Downtown Bangor in the early 1960s was actually a thriving place despite having a population of only about 38,000 because the city, as it still is today, was the shopping hub serving all of northern and eastern Maine – in other words, that half of the state not served by Portland. It was anchored, as it had been since 1892, by Freese’s Department Store, the largest store in the state at 140,000 square feet, and was known locally as the Fifth Avenue of Maine. I well remember Freese’s fantastic Christmas displays!

Alas, as the years went on, more and more businesses moved out to strip malls and, then, in 1978, to the 60-acre Bangor Mall, built on the site of a former dairy farm. Even Freese’s couldn’t survive, closing on Jan. 1, 1985. Bangor’s downtown became a wasteland, filled with empty buildings, pawnshops and sleazy bars.

Bangor, though, in the last decade, made a concerted effort to bring the downtown back. It now is home to renovated apartment buildings, including the old Freese’s building, specialty shops, the Penobscot Theatre Company – the only year-round professional theater company in northern Maine, which operates out of the Bangor Opera House, built in 1920 –and upscale restaurants and bars. There are major concerts at its nearby waterfront on the Penobscot River and a well-attended downtown New Year’s Eve celebration. It still has empty buildings, but it has definitely turned a corner and, as it turns out, just in the nick of time.

Because Bangor Mall is in trouble. In January, it lost one of its four anchors, Macy’s. Its remaining building blocks are Dick’s Sporting Goods and the aforementioned JCPenney and Sears. If one of those topples, look out!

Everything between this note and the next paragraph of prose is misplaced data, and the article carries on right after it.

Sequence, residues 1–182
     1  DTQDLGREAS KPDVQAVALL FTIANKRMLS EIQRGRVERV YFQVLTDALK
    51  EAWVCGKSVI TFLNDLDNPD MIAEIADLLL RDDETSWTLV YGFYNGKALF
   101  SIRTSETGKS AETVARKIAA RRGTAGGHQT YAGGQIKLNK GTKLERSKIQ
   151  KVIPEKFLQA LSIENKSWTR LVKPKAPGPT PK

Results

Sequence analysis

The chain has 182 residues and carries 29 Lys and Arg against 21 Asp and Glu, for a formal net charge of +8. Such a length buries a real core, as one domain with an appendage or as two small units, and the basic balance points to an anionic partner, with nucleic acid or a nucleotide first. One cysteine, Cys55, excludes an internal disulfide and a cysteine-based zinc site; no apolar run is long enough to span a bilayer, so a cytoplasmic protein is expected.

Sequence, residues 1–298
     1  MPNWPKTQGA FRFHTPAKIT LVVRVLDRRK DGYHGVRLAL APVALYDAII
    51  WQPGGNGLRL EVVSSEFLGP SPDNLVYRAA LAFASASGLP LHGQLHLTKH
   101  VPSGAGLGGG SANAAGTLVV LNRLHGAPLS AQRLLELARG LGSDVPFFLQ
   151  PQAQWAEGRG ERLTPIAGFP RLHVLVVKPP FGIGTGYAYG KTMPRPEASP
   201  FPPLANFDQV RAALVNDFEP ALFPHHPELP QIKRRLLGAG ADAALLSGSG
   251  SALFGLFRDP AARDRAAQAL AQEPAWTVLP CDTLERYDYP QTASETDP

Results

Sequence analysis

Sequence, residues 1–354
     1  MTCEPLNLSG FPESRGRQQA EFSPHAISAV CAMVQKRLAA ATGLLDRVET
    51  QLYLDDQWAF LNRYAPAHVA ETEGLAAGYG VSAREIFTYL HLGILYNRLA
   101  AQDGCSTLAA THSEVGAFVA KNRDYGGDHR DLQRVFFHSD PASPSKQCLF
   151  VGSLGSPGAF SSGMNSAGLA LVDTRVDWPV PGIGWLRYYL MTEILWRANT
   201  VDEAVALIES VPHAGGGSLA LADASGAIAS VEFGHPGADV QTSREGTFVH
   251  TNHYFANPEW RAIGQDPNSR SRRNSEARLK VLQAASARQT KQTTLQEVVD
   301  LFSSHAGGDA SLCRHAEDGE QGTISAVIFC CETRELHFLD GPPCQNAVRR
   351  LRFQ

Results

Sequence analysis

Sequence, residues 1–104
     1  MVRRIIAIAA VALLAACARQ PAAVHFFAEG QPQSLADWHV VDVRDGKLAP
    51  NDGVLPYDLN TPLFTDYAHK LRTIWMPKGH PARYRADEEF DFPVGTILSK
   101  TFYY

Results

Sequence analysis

Malls are dying all over the country.

“Dozens of malls have closed in the last 10 years,” wrote Hayley Peterson in Business Insider in March, “and many more are at risk of shutting down as retailers like Macy’s, JCPenney, and Sears – also known as anchor stores – shutter hundreds of stores to staunch the bleeding from falling sales.

“The commercial-real-estate firm CoStar estimates that nearly a quarter of the malls in the US, or roughly 310 of the nation’s 1,300 shopping malls, are at high risk of losing an anchor store.

“When anchor stores close, it can be hard to find businesses to replace them, because they occupy the multistory buildings at mall entrances that are often at least 100,000 square feet. If no replacement tenant is found, the loss could trigger a decades-long downward spiral for the shopping mall and surrounding communities.

“‘The communities wither away, and they never come back,’ said Howard Daviowitz, chairman of Davidowitz & Associates, a national retail consulting and investment banking firm headquartered in New York City.”

Places like Bangor, which fought to rebuild its dying downtown, will survive; indeed, it may thrive again as the Bangor Mall shrinks. But what about the towns in Ocean County that, for the most part, don’t even have recognizable downtowns?

“The shopping that used to be done in the mall,” Davidowitz told Business Insider, “is now at Family Dollar, Dollar Tree, TJ Maxx and Walmart.”

A ride up Route 9 is already an ugly experience, thanks to strip malls. It is going to get worse.

Comments (0)
If you wish to comment, please login.